Sleep Apnea, means “with‑out breath” in Greek. It is when breathing stops for 10 seconds or more while sleeping.
Signs of Sleep Apnea
- Snoring that may disrupt the sleep of others.
- Gasping, coughing or choking upon wakening
- Waking with your heart racing
- Waking up tired after a full night’s sleep
- Waking up with a headache
- Feeling very sleepy during the day
- Falling asleep without intending to
- Problems with memory or concentration
- Feeling irritable, short-tempered
- Weight gain, inability to lose weight
- Acid Reflux in adults
- AD/HD an/or bed wetting in children
Left untreated, sleep apnea increases the likelihood of illness or injury. It has been linked to obesity, high blood pressure, cardiovascular disease, diabetes and even death.
What Occurs During an Apnea?
The body’s oxygen level drops which in turn causes blood pressure to rise. The heart is forced to beat faster, which increases the pulse rate. The brain may cause the arms, legs or whole body to jerk in an attempt to wake the sleeper to resume breathing. The silence may end with a loud snort, cough or gasp. This causes the sleeper to wake briefly and begin breathing. Once asleep again, the muscles relax etc. and the process repeats itself.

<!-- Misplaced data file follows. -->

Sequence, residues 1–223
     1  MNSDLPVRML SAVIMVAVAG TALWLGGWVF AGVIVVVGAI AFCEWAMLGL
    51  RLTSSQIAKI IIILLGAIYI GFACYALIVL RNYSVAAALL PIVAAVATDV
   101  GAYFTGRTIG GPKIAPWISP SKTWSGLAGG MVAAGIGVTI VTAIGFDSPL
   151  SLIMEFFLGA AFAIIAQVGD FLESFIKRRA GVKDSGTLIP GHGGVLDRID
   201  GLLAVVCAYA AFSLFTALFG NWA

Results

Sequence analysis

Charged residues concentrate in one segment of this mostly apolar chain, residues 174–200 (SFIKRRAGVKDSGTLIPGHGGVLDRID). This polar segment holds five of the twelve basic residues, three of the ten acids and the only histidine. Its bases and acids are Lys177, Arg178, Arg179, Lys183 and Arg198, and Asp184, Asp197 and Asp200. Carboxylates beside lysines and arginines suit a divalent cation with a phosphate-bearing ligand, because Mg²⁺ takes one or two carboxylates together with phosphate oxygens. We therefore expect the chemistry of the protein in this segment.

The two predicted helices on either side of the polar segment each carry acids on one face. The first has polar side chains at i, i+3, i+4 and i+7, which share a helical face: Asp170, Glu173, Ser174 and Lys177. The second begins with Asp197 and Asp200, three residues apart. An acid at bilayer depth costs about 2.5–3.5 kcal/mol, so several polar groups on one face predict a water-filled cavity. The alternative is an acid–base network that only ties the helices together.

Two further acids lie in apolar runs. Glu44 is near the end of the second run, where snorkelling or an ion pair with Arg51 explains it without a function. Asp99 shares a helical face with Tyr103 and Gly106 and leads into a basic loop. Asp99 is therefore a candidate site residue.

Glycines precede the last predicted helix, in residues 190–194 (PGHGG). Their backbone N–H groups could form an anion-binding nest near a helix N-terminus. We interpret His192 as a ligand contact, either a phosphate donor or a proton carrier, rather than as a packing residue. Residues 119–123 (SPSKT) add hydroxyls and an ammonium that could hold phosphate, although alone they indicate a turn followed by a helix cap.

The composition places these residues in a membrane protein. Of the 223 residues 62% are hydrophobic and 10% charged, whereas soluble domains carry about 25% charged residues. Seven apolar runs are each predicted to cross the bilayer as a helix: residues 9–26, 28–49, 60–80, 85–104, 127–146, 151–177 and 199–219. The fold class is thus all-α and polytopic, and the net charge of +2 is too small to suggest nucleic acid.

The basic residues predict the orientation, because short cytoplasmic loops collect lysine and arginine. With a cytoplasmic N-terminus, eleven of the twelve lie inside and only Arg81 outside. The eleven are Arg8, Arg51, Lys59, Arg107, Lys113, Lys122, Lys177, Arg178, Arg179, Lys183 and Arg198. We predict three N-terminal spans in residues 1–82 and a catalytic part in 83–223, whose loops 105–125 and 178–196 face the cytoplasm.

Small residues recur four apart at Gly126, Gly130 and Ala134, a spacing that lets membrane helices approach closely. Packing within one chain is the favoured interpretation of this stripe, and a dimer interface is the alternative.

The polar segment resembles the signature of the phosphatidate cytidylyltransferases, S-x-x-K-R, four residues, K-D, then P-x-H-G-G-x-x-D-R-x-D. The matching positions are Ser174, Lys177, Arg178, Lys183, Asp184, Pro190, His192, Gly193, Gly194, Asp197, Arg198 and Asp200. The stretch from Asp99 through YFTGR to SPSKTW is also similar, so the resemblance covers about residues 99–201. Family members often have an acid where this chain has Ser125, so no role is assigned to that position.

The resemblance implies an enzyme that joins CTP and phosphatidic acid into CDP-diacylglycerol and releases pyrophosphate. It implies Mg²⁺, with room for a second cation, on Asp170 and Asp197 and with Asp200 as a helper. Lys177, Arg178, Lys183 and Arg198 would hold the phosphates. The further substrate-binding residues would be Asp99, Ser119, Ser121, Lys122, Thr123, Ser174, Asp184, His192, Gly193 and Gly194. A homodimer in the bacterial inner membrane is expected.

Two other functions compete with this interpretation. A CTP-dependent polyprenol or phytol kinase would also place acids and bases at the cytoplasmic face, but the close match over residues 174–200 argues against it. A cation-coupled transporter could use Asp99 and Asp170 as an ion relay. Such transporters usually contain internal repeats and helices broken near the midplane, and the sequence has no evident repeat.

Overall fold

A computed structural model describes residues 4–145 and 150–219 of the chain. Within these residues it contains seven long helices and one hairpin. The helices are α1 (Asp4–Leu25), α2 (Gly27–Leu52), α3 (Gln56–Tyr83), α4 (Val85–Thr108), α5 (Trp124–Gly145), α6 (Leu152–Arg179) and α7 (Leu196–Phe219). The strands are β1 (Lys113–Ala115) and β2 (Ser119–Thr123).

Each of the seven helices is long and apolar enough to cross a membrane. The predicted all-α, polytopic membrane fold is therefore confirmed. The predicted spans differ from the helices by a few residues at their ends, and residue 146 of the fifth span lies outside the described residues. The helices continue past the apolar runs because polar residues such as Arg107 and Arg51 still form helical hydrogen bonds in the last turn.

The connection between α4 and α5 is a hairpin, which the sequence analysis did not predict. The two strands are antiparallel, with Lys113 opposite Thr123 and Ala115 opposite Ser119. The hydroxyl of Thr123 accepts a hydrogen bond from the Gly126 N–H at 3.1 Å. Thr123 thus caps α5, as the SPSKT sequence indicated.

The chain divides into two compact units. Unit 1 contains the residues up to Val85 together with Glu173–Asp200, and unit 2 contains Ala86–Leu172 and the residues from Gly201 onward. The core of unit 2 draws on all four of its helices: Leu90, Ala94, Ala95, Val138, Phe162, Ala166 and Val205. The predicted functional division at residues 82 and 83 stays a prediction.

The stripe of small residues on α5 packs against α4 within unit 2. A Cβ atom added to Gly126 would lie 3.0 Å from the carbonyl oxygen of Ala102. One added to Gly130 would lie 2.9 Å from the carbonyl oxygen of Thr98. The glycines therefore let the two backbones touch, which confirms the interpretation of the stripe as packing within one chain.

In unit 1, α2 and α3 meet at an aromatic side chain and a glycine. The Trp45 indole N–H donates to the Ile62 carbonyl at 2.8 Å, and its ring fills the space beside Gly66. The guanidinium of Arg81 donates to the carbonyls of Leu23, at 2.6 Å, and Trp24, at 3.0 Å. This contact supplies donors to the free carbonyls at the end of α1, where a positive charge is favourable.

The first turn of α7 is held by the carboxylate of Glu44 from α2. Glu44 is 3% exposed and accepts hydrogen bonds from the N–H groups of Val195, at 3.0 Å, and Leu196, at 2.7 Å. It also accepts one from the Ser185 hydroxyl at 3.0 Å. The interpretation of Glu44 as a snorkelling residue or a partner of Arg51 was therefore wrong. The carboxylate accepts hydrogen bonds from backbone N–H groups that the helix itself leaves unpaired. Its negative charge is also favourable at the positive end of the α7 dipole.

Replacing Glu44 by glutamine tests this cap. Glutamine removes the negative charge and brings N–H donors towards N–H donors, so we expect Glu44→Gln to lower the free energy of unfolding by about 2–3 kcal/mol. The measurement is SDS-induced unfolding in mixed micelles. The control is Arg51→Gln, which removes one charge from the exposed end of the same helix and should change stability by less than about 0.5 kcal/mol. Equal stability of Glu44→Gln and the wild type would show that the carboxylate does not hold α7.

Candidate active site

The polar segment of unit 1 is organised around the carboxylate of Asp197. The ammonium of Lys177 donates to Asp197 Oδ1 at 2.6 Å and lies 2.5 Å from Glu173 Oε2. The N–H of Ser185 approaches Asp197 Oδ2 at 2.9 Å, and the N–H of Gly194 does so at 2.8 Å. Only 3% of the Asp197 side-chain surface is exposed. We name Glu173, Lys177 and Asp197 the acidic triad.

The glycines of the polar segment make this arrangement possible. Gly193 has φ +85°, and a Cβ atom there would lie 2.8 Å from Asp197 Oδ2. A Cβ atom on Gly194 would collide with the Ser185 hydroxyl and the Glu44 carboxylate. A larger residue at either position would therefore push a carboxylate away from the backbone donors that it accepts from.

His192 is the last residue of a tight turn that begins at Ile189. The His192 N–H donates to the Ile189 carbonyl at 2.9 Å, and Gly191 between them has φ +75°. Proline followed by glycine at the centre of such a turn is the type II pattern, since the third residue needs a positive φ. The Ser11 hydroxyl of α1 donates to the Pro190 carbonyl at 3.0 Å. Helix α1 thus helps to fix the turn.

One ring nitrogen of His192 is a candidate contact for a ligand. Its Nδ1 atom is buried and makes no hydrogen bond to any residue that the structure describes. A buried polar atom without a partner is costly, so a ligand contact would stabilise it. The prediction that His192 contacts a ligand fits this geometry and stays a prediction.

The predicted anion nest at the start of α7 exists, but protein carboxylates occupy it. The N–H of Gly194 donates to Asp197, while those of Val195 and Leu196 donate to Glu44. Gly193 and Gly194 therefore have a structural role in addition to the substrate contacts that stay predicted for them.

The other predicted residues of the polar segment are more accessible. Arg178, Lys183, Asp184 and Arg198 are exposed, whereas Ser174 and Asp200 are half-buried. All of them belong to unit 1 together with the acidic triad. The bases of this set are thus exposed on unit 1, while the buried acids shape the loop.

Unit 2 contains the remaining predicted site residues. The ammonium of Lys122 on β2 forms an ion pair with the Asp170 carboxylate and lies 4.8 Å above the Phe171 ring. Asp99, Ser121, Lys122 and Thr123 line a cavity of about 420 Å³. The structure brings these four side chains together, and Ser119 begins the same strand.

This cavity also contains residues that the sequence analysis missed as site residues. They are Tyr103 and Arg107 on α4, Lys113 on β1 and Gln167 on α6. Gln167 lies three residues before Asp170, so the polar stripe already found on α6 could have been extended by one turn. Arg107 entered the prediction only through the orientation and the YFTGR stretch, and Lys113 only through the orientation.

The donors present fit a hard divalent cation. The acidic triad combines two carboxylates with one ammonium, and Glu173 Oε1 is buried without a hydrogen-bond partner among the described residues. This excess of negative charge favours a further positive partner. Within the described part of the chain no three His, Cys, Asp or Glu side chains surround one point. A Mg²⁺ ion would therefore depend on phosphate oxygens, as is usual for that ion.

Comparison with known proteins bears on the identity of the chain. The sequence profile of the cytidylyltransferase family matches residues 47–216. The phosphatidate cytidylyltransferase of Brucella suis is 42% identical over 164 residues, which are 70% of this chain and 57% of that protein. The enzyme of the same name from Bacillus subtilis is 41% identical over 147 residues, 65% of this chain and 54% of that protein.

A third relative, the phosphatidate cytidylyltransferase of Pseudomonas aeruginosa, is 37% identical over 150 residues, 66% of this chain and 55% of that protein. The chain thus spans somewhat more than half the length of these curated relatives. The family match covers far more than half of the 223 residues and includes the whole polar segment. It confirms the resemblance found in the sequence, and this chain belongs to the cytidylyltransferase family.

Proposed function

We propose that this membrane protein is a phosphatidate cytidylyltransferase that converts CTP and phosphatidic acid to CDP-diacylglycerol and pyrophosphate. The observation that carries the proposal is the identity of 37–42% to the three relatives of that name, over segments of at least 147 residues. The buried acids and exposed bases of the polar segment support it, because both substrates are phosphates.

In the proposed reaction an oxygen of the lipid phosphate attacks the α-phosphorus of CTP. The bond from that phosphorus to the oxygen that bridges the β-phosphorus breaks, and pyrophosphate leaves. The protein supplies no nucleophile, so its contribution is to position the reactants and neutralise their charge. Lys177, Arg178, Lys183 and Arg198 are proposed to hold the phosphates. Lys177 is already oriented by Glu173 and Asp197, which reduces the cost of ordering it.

Serious and life-threatening problems start when sleepers begin experiencing apneas (where breathing stops) and hypopneas (where breathing is shallow due to an obstruction). Breathing is usually blocked in the back of the throat when the tongue and muscles relax during sleep, the lower jaw falls back toward the throat, and the airway becomes blocked.
Sleep apneas can sometimes occur hundreds of times in one night and last anywhere from 10 seconds to 1 minute to occasionally even longer than that.